A Goldendoodle is a cross between a Golden Retriever and a Standard Poodle. And the rumors are true: they’re smart and pretty. Every Thursday we’ll be profiling popular mix-up pups (also see: Puggle, Labradoodle, and Cockapoo) — and here’s what we’ve dug up on the the Goldendoodle:
What the Goldendoodle Is Like to Live With
Goldendoodles tend to be laid back most of the time, but they have a mischievous streak. They prefer to be with their humans and, if left alone too long, can become bored and destructive. A Goldendoodle will greet you in the morning with a slow tail wag and a look of anticipation. Exercise, play, and training will help sate his need for activity and time spent with your family. He is good with children who have been taught the proper way to treat a dog. While he’s dog friendly, he’ll likely ignore the cat.
Most Goldendoodles shed very little and are good for mild to moderate allergy sufferers. Many look as if they’re smiling all the time, which belies their good nature as well as ensuring many comments such as “Oh, SO cute!” from passersby.
Things You Should Know About the Goldendoodle
That mischievous streak can be controlled with obedience training and a firm hand. It helps to start training them early. Without training, you can expect toilet paper to be unrolled, the Thanksgiving turkey to be missing and the couch pillows to be strewn on the floor. Of course, a Goldendoodle’s playful nature is also rather charming.
Because the Goldendoodle is a cross between two breeds, you don’t know how much Golden or how much Poodle you’re going to get. Looks and personality can vary, even within litters. As with most “mixed” breeds, Goldendoodles tend to be healthier than purebreds. The main health concerns are hip dysplasia and inheritable eye problems.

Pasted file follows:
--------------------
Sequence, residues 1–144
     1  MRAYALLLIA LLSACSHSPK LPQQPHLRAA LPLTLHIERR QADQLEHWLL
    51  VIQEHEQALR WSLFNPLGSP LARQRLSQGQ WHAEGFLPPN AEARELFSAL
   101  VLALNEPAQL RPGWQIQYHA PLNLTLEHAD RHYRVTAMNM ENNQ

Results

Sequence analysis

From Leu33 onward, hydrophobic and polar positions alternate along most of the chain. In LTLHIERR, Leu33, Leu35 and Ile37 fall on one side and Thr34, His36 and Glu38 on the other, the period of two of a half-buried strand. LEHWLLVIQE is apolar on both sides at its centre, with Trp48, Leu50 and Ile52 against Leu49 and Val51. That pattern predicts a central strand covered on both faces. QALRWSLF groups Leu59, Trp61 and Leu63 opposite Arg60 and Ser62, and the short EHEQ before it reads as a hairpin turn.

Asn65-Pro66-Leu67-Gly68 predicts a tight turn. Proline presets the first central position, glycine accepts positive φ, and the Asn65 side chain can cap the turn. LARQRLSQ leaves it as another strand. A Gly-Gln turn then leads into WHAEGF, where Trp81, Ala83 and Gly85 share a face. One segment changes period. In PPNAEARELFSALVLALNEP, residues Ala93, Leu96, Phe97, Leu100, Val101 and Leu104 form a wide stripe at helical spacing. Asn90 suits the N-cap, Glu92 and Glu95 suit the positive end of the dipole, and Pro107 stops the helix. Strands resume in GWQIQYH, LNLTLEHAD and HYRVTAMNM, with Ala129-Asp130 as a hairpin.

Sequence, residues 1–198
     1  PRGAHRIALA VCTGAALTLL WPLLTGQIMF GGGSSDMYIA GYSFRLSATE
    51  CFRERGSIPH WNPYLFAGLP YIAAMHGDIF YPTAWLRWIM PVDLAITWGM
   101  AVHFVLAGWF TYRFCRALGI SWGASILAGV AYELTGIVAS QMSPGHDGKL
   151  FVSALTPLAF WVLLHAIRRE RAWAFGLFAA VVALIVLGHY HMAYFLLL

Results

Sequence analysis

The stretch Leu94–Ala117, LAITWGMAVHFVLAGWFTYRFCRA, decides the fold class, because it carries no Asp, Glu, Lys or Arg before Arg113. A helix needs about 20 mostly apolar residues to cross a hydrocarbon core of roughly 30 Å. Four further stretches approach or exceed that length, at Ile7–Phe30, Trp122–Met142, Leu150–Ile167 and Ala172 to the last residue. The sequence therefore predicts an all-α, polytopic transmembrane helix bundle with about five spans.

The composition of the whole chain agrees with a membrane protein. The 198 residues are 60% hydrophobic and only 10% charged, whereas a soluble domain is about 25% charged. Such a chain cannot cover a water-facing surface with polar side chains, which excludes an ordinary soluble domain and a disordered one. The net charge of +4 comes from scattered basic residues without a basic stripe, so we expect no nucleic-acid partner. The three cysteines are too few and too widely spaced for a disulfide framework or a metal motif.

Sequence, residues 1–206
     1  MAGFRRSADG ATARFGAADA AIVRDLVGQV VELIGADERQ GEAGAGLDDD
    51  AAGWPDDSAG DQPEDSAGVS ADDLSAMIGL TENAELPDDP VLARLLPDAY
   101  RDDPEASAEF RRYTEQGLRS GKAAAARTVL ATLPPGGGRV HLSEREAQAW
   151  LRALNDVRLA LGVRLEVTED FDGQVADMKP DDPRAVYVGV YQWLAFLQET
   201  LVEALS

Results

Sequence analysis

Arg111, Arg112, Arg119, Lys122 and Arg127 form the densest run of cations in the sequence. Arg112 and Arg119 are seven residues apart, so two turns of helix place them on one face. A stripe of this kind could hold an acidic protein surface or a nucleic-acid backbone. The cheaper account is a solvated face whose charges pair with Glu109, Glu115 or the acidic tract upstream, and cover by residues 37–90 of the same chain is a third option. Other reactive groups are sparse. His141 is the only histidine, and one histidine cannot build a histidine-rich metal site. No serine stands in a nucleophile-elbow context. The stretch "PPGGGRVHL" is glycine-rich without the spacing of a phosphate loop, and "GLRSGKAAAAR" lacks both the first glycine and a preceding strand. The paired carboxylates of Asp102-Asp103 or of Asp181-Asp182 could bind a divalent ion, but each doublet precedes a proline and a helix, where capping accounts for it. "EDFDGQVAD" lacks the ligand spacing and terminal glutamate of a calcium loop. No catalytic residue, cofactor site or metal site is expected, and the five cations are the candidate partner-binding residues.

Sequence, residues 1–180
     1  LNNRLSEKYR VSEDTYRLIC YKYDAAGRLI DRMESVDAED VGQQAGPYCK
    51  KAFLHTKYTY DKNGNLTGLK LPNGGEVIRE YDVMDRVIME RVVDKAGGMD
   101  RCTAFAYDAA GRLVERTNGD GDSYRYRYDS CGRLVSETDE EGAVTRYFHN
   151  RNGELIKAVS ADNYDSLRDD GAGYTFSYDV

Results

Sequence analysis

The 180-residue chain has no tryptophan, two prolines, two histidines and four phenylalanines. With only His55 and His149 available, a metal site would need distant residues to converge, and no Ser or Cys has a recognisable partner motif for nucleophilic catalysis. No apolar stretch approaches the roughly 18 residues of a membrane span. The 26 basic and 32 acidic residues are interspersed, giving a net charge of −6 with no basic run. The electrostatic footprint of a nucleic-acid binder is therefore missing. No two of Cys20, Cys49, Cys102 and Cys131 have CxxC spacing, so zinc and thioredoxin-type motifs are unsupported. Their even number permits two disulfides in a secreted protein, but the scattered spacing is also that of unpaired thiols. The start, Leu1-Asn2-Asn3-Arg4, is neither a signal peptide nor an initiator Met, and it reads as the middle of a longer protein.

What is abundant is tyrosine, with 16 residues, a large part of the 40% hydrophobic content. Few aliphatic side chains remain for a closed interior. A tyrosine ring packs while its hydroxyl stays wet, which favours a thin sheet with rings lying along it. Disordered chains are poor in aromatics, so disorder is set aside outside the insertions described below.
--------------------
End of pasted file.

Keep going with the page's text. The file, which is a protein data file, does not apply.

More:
Goldendoodle History: Fast Facts
The Goldendoodle arose in North America and Australia in the mid-1990s. After seeing the success of small breed hybrids, breeders tried a bigger version by crossing the Golden Retriever and the Standard Poodle.
The Golden Retriever was developed in Britain in the 19th century by Lord Tweedmouth, who wanted a dog to retrieve waterfowl. The Poodle is from Germany, and its image was seen in artwork as early as the 15th century. The Poodle is also a water dog and retriever. The Goldendoodle tends to have the more friendly demeanor of the Golden and the intelligence of the Poodle.
The Look of the Goldendoodle
Goldendoodles can have a variety of characteristics, from a shaggy to a loosely curled coat and a cream to reddish to black color. The most common is a moderately curly, golden-cream coat that is about 6 inches long if not groomed. Most Goldendoodles have athletic builds, bright faces, and those trademark smiles.
Quick Facts About the Goldendoodle
+ Goldendoodles weigh 45 to 75 pounds and stand 20 to 24 inches tall.
+ Their ideal human companions include moderately active types, those who enjoy dog/human sports, families with children, allergy sufferers, and owners who can provide much companionship.
+ Trademark traits include their moderately allergy-friendly coat, long or short turned-down ears, plumed tails, smiling expression, and mischievous demeanor.
Dogster readers: Do you have a Goldendoodle in your life? What are they like to live with?
1 thought on “Goldendoodle: Get to Know a Hybrid Dog Breed”
A lovely Goldendoodle puppy would be nice to have if I get one from a reputable breeder because this post shows me a great look at what I need to know about the breed, and since I don’t really mind a little mischievousness as long as the dog is trainable, I think I should be fine. I did not know that this breed was actually a hybrid of the Golden Retriever and Poodle, and all this time I thought that it was a whole new breed, so I would really need to buy from owners whose parents have decent temperaments. Since this post states that they are ideal companions of moderately active people, I would do well with having this puppy in my home since I like to go out for walks.